NOTE: This article is a precursor to an upcoming three article series examining Rey’s Hero’s Journey in The Force Awakens.

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While writing the original drafts of Star Wars in the early 1970s, George Lucas came across the works of Professor Joseph Campbell. Campbell’s ideas of universal mythical themes found within the stories of every society helped Lucas focus his intention of making a mythological story of good verses evil for the modern world (especially for children) and imbued his screenwriting with themes and characters that would resonate deeply within his audience. Continue reading

Star Wars: Adventures in Wild Space: The Steal (or The Heist) – A Beyond the Films Review

Star Wars Beyond the Films‘ Nathan P. Butler is now posting short, non-spoiler reviews for many new releases. Spoiler-filled discussion will often follow in the weeks or months thereafter on the podcast. 


steal

Adventures in Wild Space: The Steal by Cavan Scott (softcover, 2016)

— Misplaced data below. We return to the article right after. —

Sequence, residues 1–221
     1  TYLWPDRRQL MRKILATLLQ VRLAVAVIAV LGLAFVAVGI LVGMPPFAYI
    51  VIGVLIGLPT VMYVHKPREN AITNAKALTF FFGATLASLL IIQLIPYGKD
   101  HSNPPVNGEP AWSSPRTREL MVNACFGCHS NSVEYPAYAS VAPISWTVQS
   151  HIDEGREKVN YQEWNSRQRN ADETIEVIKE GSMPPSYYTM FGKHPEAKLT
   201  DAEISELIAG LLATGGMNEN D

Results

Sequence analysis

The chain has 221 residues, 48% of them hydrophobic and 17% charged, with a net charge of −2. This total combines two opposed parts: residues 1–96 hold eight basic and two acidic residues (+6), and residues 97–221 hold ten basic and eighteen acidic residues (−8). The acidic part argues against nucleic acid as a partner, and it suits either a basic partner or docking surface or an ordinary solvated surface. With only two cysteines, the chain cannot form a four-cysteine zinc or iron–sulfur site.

The Steal is book #3 in Adventures in Wild Space, though technically the fourth entry in the series if one considers the essential prelude book, The Escape, from World Book Day. You can find my previous reviews of The EscapeThe Snare, and The Nest here on SWR.

It should also be noted that Adventures in Wild Space is a series currently exclusive to the UK and Ireland. However, a U.S. release is coming later this year. In that release, The Escape will be included in the first numbered book in the series, The Snare. Continue reading

Star Wars: Adventures in Wild Space: The Nest – A Beyond the Films Review

Star Wars Beyond the Films‘ Nathan P. Butler is now posting short, non-spoiler reviews for many new releases. Spoiler-filled discussion will often follow in the weeks or months thereafter on the podcast. 


nest

Adventures in Wild Space: The Nest by Tom Huddleston (softcover, 2016)

The Nest is book #2 in Adventures in Wild Space, though technically the third entry in the series if one considers the essential prelude book, The Escape, from World Book Day. You can find my previous reviews of The Escape and The Snare here on SWR.

It should also be noted that Adventures in Wild Space is a series currently exclusive to the UK and Ireland. However, a U.S. release is coming later this year. In that release, The Escape will be included in the first numbered book in the series, The Snare. Continue reading